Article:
The scientific notion of attachment has its roots in the work of an English psychiatrist named John Bowlby who, in the 1930s, began working with children with emotional problems. Most professionals of the day held the Freudian belief that children were mainly motivated by internal drives like hunger, aggression, and sexuality, and not by their environment. However, Bowlby noticed that most of the troubled children in his care were “affectionless” and had experienced disrupted or even absent caregiving. Though his supervisor forbade him from even talking to a mother of a child (!), he insisted that family experiences were important, and in 1944 he wrote his first account of his observations based on 44 boys in his care. (Around the same time in America, psychologist Harry Harlow was coming to the same conclusion in his fascinating and heart-rending studies of baby monkeys, where he observed that babies sought comfort, and not just food, from their mothers.)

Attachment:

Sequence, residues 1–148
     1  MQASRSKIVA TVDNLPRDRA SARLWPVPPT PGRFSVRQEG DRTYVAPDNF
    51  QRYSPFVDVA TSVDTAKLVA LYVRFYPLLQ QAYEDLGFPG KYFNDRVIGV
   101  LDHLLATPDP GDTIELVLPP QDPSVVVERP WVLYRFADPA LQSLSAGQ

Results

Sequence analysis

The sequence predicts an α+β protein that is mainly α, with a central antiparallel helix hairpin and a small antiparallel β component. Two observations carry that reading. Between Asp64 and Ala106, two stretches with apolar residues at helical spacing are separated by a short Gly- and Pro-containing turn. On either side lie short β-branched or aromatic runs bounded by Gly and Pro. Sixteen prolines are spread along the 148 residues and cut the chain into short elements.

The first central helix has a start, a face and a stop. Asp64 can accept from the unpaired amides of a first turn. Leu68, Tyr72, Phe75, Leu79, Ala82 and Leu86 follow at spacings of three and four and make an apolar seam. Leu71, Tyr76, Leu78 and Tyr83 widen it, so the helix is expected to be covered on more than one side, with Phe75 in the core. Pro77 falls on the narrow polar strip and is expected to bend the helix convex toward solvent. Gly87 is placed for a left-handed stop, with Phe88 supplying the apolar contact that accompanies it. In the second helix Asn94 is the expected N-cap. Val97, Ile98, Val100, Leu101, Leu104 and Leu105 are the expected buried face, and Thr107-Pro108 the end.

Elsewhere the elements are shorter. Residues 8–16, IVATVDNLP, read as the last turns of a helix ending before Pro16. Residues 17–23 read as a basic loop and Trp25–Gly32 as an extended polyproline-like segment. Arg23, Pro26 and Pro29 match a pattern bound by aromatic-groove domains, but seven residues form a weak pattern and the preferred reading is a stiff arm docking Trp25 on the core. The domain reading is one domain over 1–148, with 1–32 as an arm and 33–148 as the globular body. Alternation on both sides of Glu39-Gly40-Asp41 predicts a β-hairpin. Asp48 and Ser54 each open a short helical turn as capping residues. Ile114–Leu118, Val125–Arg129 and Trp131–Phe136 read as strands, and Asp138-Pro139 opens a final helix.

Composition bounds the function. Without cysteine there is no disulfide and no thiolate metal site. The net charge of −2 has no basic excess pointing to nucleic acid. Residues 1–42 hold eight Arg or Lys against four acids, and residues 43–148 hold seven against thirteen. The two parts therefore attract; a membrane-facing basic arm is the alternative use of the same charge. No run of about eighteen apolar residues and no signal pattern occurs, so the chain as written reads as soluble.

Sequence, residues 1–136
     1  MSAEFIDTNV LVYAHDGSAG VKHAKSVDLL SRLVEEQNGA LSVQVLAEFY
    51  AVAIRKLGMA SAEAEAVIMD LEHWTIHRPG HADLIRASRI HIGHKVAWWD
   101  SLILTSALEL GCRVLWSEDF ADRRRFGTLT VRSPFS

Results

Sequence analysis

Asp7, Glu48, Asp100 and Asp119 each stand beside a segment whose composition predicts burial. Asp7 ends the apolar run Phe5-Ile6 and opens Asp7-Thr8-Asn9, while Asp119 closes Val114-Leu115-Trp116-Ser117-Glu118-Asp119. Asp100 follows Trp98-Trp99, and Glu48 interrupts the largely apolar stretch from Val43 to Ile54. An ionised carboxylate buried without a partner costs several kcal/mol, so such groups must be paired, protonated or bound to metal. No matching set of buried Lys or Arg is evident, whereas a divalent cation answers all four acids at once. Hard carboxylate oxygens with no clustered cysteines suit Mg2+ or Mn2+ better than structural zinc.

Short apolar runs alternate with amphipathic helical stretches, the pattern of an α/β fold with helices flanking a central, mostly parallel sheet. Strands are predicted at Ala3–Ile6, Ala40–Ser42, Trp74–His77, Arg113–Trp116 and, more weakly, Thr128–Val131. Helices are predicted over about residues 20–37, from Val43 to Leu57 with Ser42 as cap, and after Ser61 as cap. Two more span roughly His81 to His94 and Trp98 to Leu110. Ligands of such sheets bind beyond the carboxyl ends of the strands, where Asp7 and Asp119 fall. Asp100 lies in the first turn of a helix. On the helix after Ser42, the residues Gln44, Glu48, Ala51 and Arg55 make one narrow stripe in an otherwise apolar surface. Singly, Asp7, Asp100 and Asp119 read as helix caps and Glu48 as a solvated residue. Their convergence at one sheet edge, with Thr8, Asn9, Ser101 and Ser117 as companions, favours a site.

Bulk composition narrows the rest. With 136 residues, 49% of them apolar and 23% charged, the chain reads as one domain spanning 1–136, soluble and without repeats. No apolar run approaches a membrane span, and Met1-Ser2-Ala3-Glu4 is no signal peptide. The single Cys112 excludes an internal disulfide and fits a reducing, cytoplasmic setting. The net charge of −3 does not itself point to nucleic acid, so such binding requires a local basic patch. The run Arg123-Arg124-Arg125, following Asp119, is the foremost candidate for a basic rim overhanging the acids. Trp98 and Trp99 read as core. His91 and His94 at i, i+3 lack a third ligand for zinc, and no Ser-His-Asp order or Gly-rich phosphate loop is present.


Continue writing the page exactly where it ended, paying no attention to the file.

Bowlby went on to study and treat other children who were separated from their parents: those who were hospitalized or homeless. He came to believe that the primary caregiver (he focused mainly on mothers) served as a kind of “psychic organizer” to the child, and that a child needs this influence, especially at certain times, in order to develop successfully. To grow up mentally healthy, then, “the infant and young child should experience a warm, intimate, and continuous relationship with this mother (or permanent mother substitute) in which both find satisfaction and enjoyment. ”